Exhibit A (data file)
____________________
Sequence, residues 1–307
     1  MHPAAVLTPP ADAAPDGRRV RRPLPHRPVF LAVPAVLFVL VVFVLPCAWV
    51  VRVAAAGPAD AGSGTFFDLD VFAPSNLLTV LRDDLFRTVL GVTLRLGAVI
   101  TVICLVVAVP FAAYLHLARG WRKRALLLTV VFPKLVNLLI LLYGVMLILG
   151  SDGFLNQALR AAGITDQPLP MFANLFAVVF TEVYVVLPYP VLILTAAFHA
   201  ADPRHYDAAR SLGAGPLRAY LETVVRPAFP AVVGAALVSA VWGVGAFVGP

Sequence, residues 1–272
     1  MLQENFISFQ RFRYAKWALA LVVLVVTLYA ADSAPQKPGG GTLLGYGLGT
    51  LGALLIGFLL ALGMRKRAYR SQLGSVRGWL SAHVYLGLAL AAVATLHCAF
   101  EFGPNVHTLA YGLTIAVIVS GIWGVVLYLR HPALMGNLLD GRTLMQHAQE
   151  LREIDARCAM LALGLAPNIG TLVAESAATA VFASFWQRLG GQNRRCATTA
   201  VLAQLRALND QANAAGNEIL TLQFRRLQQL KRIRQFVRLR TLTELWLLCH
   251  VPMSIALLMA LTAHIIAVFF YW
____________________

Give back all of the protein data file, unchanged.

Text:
Sequence, residues 1–307
     1  MHPAAVLTPP ADAAPDGRRV RRPLPHRPVF LAVPAVLFVL VVFVLPCAWV
    51  VRVAAAGPAD AGSGTFFDLD VFAPSNLLTV LRDDLFRTVL GVTLRLGAVI
   101  TVICLVVAVP FAAYLHLARG WRKRALLLTV VFPKLVNLLI LLYGVMLILG
   151  SDGFLNQALR AAGITDQPLP MFANLFAVVF TEVYVVLPYP VLILTAAFHA
   201  ADPRHYDAAR SLGAGPLRAY LETVVRPAFP AVVGAALVSA VWGVGAFVGP

Sequence, residues 1–272
     1  MLQENFISFQ RFRYAKWALA LVVLVVTLYA ADSAPQKPGG GTLLGYGLGT
    51  LGALLIGFLL ALGMRKRAYR SQLGSVRGWL SAHVYLGLAL AAVATLHCAF
   101  EFGPNVHTLA YGLTIAVIVS GIWGVVLYLR HPALMGNLLD GRTLMQHAQE
   151  LREIDARCAM LALGLAPNIG TLVAESAATA VFASFWQRLG GQNRRCATTA
   201  VLAQLRALND QANAAGNEIL TLQFRRLQQL KRIRQFVRLR TLTELWLLCH
   251  VPMSIALLMA LTAHIIAVFF YW